This blog presents visual information in pedagogical contexts; considering how information is presented in visual form and how we can learn from these presentations.

Wednesday, March 18, 2009

Ring around NYC from National Geograpghic

Sharp and illustrative visual from National Geographic that illustrates in simple and stark terms the number of international phone calls by receiving location originating in New York City.
March 2009 NGM, online at http://ngm.nationalgeographic.com/2009/03/departments/phone-calls/phone-calls

Tuesday, March 17, 2009

Shifting the debate

An interesting resource that tracks You Tube videos according to the political prespective of referring websites.

online at http://www.shiftingthedebate.com/shifting/videobarometer.html

Tuesday, March 10, 2009

Bush years map



This graphic appeared in the January/February 2009 online edition of the Atlantic Monthly. The graphic accompanied a story titled Then and now by Timothy Lavin on how the United States has changed in the nine years since George W. Bush's election. The map does a nice job conjuring up the notion of the United States, by using the geographic shape of the U. S. to frame the data. Unfortunately, the positioning of information is unrelated to place. Also, I get a vague sense that the map wants to be a cartogram, but the only relational data presented is inside the individual frames and these are simply graphic illustrations.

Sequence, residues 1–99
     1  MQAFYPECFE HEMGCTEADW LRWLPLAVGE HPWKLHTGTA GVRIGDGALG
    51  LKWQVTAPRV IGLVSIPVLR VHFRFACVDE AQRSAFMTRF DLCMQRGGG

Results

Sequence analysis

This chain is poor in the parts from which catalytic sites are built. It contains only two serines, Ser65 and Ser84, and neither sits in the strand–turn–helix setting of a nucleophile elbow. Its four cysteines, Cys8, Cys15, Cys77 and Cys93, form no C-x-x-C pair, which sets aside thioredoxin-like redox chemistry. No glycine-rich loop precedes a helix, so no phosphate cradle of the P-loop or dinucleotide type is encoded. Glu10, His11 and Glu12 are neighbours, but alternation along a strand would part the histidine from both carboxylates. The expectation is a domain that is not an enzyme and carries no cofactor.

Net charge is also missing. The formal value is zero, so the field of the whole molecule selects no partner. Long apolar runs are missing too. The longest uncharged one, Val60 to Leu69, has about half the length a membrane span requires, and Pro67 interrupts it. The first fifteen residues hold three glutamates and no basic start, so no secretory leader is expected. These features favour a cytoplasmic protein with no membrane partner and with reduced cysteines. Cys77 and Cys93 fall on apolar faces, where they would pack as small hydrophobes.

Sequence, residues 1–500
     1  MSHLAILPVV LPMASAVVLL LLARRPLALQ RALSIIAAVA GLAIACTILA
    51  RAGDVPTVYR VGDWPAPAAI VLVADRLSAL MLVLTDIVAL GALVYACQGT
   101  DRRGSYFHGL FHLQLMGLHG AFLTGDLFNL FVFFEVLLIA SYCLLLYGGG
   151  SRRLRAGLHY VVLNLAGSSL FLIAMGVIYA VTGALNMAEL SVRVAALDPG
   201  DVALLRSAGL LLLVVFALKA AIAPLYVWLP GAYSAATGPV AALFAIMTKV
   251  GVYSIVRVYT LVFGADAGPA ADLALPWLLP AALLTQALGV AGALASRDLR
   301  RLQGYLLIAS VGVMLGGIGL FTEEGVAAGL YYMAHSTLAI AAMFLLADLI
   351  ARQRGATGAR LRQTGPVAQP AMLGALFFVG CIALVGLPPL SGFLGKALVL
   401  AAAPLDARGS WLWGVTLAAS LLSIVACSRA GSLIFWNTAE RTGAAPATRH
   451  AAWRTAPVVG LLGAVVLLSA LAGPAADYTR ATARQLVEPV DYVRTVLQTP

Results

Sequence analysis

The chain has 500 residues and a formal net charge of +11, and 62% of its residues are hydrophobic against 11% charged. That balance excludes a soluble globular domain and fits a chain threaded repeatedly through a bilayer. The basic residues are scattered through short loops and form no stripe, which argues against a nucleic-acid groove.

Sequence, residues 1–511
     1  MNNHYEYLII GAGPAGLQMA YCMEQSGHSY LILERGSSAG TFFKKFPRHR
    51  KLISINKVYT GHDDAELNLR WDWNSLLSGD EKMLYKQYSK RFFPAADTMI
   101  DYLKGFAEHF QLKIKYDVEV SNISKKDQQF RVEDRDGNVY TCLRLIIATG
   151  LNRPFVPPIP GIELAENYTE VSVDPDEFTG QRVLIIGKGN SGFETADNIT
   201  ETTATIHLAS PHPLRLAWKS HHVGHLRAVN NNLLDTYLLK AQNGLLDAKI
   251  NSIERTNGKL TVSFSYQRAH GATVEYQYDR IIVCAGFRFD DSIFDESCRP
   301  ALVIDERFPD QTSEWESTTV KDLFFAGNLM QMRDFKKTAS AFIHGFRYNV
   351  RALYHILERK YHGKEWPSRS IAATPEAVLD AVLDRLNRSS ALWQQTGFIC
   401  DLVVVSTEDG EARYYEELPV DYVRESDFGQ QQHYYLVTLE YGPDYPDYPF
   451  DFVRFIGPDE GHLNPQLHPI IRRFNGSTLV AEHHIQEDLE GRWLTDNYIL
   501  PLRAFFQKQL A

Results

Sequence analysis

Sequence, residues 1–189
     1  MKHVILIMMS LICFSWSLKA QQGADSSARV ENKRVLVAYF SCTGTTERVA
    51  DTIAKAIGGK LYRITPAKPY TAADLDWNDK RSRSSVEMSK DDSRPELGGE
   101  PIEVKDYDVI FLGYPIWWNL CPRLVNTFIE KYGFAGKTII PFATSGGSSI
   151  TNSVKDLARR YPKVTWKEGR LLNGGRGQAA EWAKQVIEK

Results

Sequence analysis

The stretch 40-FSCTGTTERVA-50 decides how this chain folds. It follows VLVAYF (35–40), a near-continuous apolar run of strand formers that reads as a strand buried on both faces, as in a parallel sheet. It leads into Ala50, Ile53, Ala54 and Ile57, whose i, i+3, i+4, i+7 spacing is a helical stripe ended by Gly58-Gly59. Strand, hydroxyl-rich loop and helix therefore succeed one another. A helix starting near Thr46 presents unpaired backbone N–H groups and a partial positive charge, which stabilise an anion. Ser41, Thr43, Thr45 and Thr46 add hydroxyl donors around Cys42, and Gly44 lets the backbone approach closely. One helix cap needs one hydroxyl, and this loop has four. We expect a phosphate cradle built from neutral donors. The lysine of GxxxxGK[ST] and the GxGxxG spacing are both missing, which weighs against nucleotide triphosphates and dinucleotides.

There are a couple of, perhaps, coincidental geographic placements. A pig sits right around North Carolina and of course that state is know for is pig and hog farming and BBQ. There is a boat in Florida as well as a graphic illustrating growth in home ownership, appropriate given the housing boom in Florida. On the disturbing side is a graphic around New York illustrating yearly paper use that looks a lot like the World Trade Center Towers.

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John Lee is an associate professor in the Department of Curriculum and Instruction in the College of Education at North Carolina State University. His scholarship is focused on pedagogies of digital history. This work includes the design and implementation of online resources that extend the boundaries of history through online networks and the digitization of historical source material. In addition to this focus on digital history, John is also interested in the historical literacies needed to negotiate online historical resources and visual representations of historical information. For more please see http://www4.ncsu.edu/~jklee/

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